God, truth, and truthfulness in science

by
01 July 2009

(CREDIT: iStock)

(CREDIT: iStock)

From the Revd Dr Mark Harris

Sir, — I was saddened to read Professor Bruce Charlton’s article, “Scientists need to rediscover truth” (Comment, 19 June). He paints a sorry picture of the once-great scientific enterprise as losing its way because politics and careerism have displaced religion at its ideological heart. As a result, he claims, science is rife with corruption, self-promotion, and hype. As he puts it: “the very fabric of world scientific communica­­tion is rotten with dishonesty.”

I cannot agree with this asses­sment. Admittedly, I work in a dif­ferent scientific discipline from Professor Charlton’s (he is in medicine, while I am in physics), but, in my 20 years as a scientist, I have never encountered anything remotely as cynical and crooked as the regime that he portrays. It is a tough lifestyle to stay at the forefront of one’s research field in an ever-proliferating scientific world, and one simply couldn’t work at this level without a passionate commitment to the search for honesty and integrity.

The point of Professor Charlton’s argument is that science has got into the woeful state he identifies because scientists no longer believe in the reality of “truth”, which, he claims, can be apprehended fully only in the light of divine revelation. His argu­ment is not unrelated to the starting point of natural theology — that God might be known through nature. But to conflate “honesty”, “truthfulness”, and “truth” in scient­ific methodology with the existence of a supernatural God is to make any number of sweeping categorisations. For one thing, progress in the philo­sophy of science over the past 50 years has demonstrated the continual provisionality of the scientific enter­prise. We have not gone as far as post-modernism, but we are aware that science is a human enterprise, and that in these circum­stances it is by no means a straight­forward exercise to claim that one might be searching for “objective truth”.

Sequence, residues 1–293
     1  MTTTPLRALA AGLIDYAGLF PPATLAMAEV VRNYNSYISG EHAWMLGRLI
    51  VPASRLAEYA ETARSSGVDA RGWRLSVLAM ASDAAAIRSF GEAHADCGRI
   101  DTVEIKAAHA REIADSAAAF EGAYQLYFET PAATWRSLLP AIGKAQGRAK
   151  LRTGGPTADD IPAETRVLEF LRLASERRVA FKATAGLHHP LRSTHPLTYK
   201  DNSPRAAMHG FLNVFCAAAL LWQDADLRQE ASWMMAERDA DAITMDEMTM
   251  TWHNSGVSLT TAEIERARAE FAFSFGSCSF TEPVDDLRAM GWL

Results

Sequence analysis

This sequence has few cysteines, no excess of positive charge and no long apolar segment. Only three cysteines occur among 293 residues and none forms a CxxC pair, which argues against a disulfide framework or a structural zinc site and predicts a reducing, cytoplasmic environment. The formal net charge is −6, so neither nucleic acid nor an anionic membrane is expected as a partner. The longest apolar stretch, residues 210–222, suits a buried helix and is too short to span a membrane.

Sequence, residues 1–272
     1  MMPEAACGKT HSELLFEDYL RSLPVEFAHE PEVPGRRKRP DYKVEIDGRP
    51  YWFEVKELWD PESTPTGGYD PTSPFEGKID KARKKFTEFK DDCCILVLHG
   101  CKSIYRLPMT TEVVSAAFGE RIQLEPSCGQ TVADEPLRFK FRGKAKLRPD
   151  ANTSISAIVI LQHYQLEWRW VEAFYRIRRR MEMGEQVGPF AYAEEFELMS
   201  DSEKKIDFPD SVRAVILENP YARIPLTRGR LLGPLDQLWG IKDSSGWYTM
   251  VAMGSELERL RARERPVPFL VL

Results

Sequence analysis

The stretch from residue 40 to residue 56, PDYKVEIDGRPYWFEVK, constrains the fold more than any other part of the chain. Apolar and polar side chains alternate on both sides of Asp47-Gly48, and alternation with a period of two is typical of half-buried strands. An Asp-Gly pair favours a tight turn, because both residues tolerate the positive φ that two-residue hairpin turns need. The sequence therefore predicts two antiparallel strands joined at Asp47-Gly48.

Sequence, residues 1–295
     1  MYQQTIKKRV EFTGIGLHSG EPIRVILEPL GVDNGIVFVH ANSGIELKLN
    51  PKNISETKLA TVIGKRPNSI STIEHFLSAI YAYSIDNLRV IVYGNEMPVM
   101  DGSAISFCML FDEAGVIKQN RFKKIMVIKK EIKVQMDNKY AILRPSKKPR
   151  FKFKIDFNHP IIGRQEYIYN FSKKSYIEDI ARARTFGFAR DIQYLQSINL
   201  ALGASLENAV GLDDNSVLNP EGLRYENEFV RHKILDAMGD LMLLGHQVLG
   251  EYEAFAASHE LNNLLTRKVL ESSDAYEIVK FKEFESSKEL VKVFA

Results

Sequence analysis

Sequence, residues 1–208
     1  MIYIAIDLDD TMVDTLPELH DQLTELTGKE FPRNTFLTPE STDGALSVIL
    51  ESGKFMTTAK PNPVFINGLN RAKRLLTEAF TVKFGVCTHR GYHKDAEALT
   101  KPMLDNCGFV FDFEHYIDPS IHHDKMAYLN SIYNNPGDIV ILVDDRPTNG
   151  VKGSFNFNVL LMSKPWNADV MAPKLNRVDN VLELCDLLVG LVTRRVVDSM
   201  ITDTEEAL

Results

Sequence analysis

A more immediate problem, though, is the New Atheism, which claims that the successes of science are prime evidence that belief in God is redundant. So, to claim, as Profes­sor Charlton does, that this same science is completely corrupt largely because it has lost its belief in God is to play right into “Ditchkins’s” hands.

MARK HARRIS
Oriel College, Oxford OX1 4EW

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